Trump is objectively wrong; House Democrats haven’t been squandering time. In addition to their investigations, they’ve been passing legislation at a rapid clip. In all, the House has taken up 51 bills, resolutions, and suspensions since January — 49 of which they’ve passed. This includes a slate of bills to attempt to end the longest government shutdown in history, the result of a protracted fight between Trump and Congress over border wall funding.

Ironically, over the past two weeks, the House has passed bills to address most of the issues Trump mentioned in his tweet. They recently passed a bill to lower prescription drug prices, and another one to protect preexisting conditions. The House also passed nine bills on veterans issues this week alone, House Speaker Nancy Pelosi noted at her weekly press conference. On Thursday, Democrats tried to present Trump their infrastructure plan before he walked out of their meeting.

So if the House is passing all these bills, why does it seem like Congress isn’t getting anything done? Welcome to the reality of divided government in Washington. The vast majority of House Democrats’ agenda has hit a dead end in the Republican-controlled Senate, where Majority Leader Mitch McConnell has dubbed himself the “grim reaper” of Democratic legislation. Pelosi has blasted the Senate leader for embracing this role, saying he’s working for special interests in Washington, rather than the people of the United States.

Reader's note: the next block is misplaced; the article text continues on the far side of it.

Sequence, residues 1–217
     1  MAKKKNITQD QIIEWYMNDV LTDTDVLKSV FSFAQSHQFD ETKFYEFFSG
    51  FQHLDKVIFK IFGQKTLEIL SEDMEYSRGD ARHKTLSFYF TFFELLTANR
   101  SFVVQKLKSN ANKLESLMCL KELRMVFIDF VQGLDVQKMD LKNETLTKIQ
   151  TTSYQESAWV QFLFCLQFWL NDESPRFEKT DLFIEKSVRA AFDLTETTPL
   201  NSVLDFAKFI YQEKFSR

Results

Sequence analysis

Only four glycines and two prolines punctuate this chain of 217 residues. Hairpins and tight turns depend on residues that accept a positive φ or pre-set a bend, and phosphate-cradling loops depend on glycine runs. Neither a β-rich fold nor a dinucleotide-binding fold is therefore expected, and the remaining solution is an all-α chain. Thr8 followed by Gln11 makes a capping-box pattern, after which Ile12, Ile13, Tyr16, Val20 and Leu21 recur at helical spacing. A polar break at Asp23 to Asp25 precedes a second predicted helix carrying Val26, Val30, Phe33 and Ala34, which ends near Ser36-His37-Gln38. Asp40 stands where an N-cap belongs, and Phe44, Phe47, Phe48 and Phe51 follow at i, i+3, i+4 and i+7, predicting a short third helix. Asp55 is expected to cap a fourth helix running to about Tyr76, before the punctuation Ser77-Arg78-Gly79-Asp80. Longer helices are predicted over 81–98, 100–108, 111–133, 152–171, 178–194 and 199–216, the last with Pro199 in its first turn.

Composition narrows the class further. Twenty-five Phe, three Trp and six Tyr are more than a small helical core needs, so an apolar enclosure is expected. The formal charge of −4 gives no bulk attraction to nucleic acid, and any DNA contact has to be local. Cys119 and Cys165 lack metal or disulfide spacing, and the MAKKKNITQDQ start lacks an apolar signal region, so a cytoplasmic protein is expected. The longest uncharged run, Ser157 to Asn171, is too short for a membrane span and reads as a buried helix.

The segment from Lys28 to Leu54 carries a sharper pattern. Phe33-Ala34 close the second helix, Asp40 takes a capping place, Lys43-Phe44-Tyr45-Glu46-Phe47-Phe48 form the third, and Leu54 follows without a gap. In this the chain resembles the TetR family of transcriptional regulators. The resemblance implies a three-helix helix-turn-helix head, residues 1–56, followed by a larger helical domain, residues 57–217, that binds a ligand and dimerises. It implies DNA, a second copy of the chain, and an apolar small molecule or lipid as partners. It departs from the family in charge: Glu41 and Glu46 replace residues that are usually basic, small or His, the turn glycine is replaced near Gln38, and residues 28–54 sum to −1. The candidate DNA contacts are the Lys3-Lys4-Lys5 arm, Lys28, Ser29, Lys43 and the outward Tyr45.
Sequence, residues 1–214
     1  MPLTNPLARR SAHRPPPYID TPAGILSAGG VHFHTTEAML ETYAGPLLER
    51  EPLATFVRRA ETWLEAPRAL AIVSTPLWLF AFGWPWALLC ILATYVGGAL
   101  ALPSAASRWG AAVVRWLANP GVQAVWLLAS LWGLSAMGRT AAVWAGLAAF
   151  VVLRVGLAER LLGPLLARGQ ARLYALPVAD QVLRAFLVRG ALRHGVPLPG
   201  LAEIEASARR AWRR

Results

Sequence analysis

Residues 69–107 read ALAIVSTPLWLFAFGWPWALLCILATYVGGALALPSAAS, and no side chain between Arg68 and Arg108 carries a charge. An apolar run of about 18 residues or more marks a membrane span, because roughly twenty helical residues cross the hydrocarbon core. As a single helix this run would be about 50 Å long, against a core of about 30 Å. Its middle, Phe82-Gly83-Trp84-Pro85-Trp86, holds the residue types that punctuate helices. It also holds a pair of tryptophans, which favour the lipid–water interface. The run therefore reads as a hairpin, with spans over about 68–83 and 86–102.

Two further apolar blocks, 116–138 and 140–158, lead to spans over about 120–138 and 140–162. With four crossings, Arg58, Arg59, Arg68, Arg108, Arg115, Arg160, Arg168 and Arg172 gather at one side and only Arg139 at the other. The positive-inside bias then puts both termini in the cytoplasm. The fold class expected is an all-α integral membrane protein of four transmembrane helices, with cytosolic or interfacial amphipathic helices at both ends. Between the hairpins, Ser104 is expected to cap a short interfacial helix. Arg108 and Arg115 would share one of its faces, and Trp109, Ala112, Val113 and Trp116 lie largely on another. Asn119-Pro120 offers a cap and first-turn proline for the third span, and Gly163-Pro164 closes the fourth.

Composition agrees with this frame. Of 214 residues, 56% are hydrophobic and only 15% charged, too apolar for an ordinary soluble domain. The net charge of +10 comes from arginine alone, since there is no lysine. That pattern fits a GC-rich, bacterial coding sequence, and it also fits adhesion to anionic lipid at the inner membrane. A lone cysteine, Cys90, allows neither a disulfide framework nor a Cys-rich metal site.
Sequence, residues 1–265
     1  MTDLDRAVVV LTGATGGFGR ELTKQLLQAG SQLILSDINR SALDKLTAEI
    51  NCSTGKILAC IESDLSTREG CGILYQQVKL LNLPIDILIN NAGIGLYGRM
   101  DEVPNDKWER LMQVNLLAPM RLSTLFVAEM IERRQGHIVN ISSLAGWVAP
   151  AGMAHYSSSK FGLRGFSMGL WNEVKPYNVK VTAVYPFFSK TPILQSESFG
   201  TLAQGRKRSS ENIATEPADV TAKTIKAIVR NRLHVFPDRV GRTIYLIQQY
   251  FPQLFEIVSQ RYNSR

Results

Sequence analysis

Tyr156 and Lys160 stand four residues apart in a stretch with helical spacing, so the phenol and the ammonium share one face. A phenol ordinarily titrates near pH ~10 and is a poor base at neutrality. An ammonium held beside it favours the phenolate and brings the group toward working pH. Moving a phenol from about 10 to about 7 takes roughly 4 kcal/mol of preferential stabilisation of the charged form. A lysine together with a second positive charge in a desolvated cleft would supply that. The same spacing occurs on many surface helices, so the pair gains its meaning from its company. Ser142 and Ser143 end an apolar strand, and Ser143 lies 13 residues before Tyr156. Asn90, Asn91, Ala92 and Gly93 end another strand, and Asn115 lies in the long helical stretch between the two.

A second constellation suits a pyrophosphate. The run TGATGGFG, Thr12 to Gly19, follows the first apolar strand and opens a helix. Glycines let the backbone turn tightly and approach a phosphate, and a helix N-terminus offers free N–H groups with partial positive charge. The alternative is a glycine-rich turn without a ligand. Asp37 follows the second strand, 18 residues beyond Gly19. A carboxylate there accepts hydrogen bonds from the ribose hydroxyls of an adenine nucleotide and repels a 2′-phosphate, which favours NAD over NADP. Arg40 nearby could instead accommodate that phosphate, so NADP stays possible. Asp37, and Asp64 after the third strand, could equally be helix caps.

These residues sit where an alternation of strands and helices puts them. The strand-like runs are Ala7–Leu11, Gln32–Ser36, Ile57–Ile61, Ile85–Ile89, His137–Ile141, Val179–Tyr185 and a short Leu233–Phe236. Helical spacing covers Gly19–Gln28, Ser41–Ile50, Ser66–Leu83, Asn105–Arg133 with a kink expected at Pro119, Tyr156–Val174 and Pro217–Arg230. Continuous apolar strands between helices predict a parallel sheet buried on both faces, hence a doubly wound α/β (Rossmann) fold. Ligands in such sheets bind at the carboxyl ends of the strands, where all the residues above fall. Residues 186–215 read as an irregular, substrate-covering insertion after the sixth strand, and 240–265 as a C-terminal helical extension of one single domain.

“The Senate is the graveyard where bills that pass in the Congress, that have bipartisan support in the country, go to die,” Pelosi said at a recent press conference.

Despite Trump’s declaration that it’s impossible for Democrats to “investigate and legislate at the same time,” House Democrats have been doing a lot of legislating over the past few months.

There’s a clear political strategy to McConnell not working with Pelosi on her agenda. He’s staring down 2020, where Senate Republicans are defending more seats than Democrats. Plus he has his own seat in Kentucky to worry about (though McConnell losing that is unlikely). No matter what, there’s little incentive for McConnell to hand Democrats any legislative wins.